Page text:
Nexus 6P Headset Volume down button fix

Nexus 4 owners, and I am one of them, were disappointed to find out that it only support 1 button headset control, so no buttons for Vol+ and Vol-. When I bought the Nexus 6P I was hoping it will have support for 3 buttons control. After I got the phone I tested it with my Samsung headset, the play/pause button and the Volume Up button work, however, Volume Down didn’t!!!

I was hoping it is a faulty headset since that I can replace easily, but if it was a design mistake in the Nexus then it might be a problem forever. Luckily and after a quick Google search I found a post on reddit from someone asking if the Nexus 6P has support for 3 buttons headset. The answer was yes, so that is a good news, but one of the replies was from a reddit user “buddhra” who was having a similar problem as mine and did a further test to find out that the Nexus 6P acceptable resistance range for the Vol- doesn’t stretch to the maximum range which the Android specs allows.
Here is a snapshot for part of the post:

Reddit Nexus 6P 3 button headset support problemSo I tested mine and found the resistance of the third button (Vol-) to be 630 ohms, which is within the Android specs but seems out of what the Nexus 6P can recognize.  Not sure if it is a software or a hardware problem in the Nexus 6P which I won’t be able to fix easily, but I know that I can instead fix the headset itself to give the readings that the Nexus 6P expects.

So I opened up the headset control, it is very small and was glued together, but using a thin blade i managed to open it up:

Opening up Samsung headset controlZooming into the circuit board and tracing the PCB wires I figured how the resistors were connected and managed to replace one of the resistors (R3 = 356 ohms) with one of a smaller value (200 ohms) and it now works. (The resistors used in the board are size 402, however, I had one with size 603 which is a little bigger but there was enough space to fit it without any problems):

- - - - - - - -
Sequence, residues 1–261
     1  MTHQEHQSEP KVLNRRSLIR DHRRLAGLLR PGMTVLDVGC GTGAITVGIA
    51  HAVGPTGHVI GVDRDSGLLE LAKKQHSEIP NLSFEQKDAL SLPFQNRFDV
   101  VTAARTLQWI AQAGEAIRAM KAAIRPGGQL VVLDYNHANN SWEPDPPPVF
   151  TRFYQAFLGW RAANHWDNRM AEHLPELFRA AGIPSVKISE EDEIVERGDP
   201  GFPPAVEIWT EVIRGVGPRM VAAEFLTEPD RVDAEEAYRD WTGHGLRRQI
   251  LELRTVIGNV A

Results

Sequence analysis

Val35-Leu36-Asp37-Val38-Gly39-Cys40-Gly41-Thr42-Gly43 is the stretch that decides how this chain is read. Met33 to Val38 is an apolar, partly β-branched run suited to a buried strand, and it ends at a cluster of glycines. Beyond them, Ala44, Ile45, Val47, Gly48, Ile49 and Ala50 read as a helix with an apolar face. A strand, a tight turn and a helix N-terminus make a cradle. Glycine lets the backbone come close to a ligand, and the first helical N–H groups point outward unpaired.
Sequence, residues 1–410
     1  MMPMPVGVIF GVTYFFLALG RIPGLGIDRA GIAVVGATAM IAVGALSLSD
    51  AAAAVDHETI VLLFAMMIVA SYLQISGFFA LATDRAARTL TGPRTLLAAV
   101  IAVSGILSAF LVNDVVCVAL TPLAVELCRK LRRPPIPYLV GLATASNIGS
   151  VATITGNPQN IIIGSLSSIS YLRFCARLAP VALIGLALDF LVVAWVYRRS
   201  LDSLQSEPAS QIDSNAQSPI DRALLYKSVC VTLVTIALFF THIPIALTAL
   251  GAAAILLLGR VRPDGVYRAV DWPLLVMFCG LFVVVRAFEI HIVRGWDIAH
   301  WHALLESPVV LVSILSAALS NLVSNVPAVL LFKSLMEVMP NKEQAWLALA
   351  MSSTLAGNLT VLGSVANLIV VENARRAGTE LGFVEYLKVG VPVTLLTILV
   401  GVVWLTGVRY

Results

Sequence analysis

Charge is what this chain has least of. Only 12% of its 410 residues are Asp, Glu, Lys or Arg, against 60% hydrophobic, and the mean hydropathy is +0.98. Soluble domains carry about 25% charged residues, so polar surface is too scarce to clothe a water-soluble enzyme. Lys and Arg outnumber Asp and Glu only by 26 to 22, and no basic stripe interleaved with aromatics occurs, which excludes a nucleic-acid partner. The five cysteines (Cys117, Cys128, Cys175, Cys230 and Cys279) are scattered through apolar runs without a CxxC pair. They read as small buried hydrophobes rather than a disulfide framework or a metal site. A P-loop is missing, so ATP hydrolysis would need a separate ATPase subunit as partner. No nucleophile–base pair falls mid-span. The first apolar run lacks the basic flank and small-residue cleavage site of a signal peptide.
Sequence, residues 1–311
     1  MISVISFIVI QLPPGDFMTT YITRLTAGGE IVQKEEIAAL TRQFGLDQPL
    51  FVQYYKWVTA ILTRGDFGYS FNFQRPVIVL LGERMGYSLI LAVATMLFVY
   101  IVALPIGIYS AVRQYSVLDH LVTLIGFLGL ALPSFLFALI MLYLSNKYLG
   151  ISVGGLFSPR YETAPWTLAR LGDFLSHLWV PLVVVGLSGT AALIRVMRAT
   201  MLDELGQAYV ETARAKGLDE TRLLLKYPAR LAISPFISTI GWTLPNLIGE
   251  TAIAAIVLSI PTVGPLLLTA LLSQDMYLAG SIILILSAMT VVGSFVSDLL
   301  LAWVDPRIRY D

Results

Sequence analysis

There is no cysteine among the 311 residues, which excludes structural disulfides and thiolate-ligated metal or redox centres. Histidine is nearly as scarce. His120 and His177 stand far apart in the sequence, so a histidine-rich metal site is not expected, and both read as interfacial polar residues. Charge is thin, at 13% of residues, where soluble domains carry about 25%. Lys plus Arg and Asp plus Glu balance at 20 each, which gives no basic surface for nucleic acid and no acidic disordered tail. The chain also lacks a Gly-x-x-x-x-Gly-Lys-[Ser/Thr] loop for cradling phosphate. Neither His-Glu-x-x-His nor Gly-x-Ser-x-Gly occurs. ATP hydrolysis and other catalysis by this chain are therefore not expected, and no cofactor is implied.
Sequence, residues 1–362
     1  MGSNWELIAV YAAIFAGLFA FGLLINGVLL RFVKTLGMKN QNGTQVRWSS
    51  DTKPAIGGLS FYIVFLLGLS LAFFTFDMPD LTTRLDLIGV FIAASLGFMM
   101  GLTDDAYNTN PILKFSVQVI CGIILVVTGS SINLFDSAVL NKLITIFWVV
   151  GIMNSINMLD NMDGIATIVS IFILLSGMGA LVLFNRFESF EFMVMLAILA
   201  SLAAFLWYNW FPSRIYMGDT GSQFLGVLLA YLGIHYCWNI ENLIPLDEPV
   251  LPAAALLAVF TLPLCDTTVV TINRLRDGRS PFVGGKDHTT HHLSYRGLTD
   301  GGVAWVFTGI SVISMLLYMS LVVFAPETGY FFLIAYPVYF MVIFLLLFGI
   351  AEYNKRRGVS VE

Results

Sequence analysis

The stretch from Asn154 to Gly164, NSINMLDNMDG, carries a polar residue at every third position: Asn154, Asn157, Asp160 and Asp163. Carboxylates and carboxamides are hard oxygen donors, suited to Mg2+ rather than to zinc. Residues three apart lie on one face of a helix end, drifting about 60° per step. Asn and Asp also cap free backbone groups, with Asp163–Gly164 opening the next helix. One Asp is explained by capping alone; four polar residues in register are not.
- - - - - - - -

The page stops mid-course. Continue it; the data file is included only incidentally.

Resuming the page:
Samsung Headset Fix for Nexus 6PAll Android headset controls follow a similar way to provide the needed resistance, so your control board might differ but it should be similar.

Add Wireless charging to your car phone holder

Being a lucky Android user with the luxury of Wireless charging  I thought about adding it to my car since I use it at home and love it. I have seen some charging pads for cars but that means you have to place your phone in a way which makes it unusable while I want it to charge while using the phone for navigation so the best place was the phone holder. So i bought one that allows me to place the phone near an A/C vent (so it will cool down the phone during long road trip when charging and using the navigation at the same time), I also bought a bare board Qi wireless charging board from eBay (~$3.6), you can also buy the cheaper round charging pads and take the internal parts, but the bare board uses better components which I though worth the extra dollar.